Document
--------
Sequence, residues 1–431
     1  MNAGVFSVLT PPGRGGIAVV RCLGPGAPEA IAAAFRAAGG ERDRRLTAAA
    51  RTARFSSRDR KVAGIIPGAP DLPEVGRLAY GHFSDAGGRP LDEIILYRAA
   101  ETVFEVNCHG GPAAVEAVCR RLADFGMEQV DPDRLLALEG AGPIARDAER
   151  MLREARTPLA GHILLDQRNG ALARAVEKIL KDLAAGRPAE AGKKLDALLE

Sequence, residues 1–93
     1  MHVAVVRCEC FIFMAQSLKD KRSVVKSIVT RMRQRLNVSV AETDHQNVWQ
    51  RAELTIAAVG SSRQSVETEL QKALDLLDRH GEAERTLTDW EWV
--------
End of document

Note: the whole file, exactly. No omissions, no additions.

Sequence, residues 1–431
     1  MNAGVFSVLT PPGRGGIAVV RCLGPGAPEA IAAAFRAAGG ERDRRLTAAA
    51  RTARFSSRDR KVAGIIPGAP DLPEVGRLAY GHFSDAGGRP LDEIILYRAA
   101  ETVFEVNCHG GPAAVEAVCR RLADFGMEQV DPDRLLALEG AGPIARDAER
   151  MLREARTPLA GHILLDQRNG ALARAVEKIL KDLAAGRPAE AGKKLDALLE

Sequence, residues 1–93
     1  MHVAVVRCEC FIFMAQSLKD KRSVVKSIVT RMRQRLNVSV AETDHQNVWQ
    51  RAELTIAAVG SSRQSVETEL QKALDLLDRH GEAERTLTDW EWV